Do Your Own Pest Control While Putting Away Your Decorations!

This year, while packing up your holiday decorations, take some time to do a little pest control.  We all know that bugs like to hide in places like attics, basements and other storage areas, so take this opportunity to do some exterminating.  Before taking your boxes to their storage area, take a good look around.  Below are some tips on what to look for before you store away your holiday decorations:

  • Look for any openings that rodents or wildlife could use as an entrance.  If you find openings, make sure to have them tightly sealed.
  • Look for pest carcasses or droppings.  Pests are attracted to other pests so be sure that you vacuum up any debris that is found.
  • Standing water can be used as a water source for rodents and pests.  Be sure to remove any standing water and have the source of the water repaired.
  • Take note of any odd odors.  Foul odors can be a tell-tale sign of pests or other intruders.
  • Check any wood, wires, insulation or other items stored for gnawing or scratch marks.
  • Inspect your boxes.  Check your storage boxes for the above signs of pests.

If you see any of these signs while putting away decorations, be sure to contact your exterminator.  By being proactive, you can save yourself the hassle of a future infestation.  Remember, cleanliness is key to keeping bugs and other pests out of your home.

When do you put your decorations away?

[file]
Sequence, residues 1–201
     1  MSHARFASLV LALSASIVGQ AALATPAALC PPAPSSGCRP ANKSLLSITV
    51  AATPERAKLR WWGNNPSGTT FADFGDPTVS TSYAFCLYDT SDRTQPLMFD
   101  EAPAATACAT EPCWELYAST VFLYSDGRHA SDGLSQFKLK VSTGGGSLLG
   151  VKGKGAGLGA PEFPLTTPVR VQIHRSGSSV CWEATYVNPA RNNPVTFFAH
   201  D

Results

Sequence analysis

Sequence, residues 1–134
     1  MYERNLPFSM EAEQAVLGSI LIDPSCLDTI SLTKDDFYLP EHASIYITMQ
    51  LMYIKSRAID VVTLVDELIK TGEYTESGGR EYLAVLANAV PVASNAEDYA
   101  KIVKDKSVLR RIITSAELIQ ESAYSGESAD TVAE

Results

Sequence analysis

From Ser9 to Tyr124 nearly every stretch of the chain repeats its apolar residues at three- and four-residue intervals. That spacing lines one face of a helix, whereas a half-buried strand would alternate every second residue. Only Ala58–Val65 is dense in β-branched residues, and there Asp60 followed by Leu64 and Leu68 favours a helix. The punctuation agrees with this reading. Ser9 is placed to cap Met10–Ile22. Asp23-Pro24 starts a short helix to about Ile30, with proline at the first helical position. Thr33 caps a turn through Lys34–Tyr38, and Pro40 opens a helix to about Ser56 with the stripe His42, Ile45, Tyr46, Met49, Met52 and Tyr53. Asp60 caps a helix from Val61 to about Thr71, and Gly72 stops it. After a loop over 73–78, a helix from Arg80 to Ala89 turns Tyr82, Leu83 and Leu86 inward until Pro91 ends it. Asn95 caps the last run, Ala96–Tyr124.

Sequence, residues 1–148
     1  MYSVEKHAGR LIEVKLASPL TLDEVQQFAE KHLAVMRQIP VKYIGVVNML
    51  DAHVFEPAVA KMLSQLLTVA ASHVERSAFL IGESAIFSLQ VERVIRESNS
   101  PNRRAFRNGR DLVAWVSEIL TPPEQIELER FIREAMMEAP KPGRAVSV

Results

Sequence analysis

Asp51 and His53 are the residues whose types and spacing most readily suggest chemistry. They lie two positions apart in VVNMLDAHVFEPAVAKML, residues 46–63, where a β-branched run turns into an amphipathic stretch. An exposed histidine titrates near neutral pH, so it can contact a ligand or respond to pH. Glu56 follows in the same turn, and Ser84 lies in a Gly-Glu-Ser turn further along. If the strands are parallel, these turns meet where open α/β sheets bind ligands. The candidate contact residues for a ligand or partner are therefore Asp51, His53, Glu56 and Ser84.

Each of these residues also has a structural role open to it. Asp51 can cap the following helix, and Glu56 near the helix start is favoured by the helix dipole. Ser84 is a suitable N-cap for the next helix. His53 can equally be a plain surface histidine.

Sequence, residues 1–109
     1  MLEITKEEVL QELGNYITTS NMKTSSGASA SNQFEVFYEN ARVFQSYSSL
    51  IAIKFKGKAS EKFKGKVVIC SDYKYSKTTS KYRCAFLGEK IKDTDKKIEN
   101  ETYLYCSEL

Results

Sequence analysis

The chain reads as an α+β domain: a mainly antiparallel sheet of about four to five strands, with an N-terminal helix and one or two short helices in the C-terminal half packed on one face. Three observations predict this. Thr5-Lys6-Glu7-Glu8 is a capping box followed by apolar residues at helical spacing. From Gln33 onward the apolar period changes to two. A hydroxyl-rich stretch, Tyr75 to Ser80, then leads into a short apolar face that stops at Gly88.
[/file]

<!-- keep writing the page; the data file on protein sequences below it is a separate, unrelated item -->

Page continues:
Northwest Exterminating
830 Kennesaw Ave MariettaGA30060 USA 
 • 888-466-7849
 

Recycle Your Christmas Tree

Christmas has come and gone!  You spent hours, maybe even days, decorating your house.  You’ve enjoyed the decorations and now it’s time for the dreaded task of taking down the decorations and getting rid of the tree.  But don’t just dump your tree out…recycle it.  There are many locations and events throughout Georgia that will recycle your Christmas tree.  There are options to drop off, curbside pick-up, and some programs that will give you free mulch or seedlings for your recycled tree.

One of the most notable programs is Home Depot’sBring One for the Chipper” event which is sponsored by Keep Georgia Beautiful.  On January 7, 2012, bring your tree to your local Home Depot (most Home Depot locations participate) where Boy Scouts are on hand to help you unload your tree.  The mulch from your Christmas tree will be used to mulch playgrounds, government projects, and individual yards.  (If you would like the mulch from your tree to use in your own home project, download this form, complete it and fax it in.)  Home Depot will give you a FREE seedling in return.

Join Northwest Exterminating in our efforts to protect our environment by recycling your tree.

Tip: Call your trash company to see if they will do curb side pick-up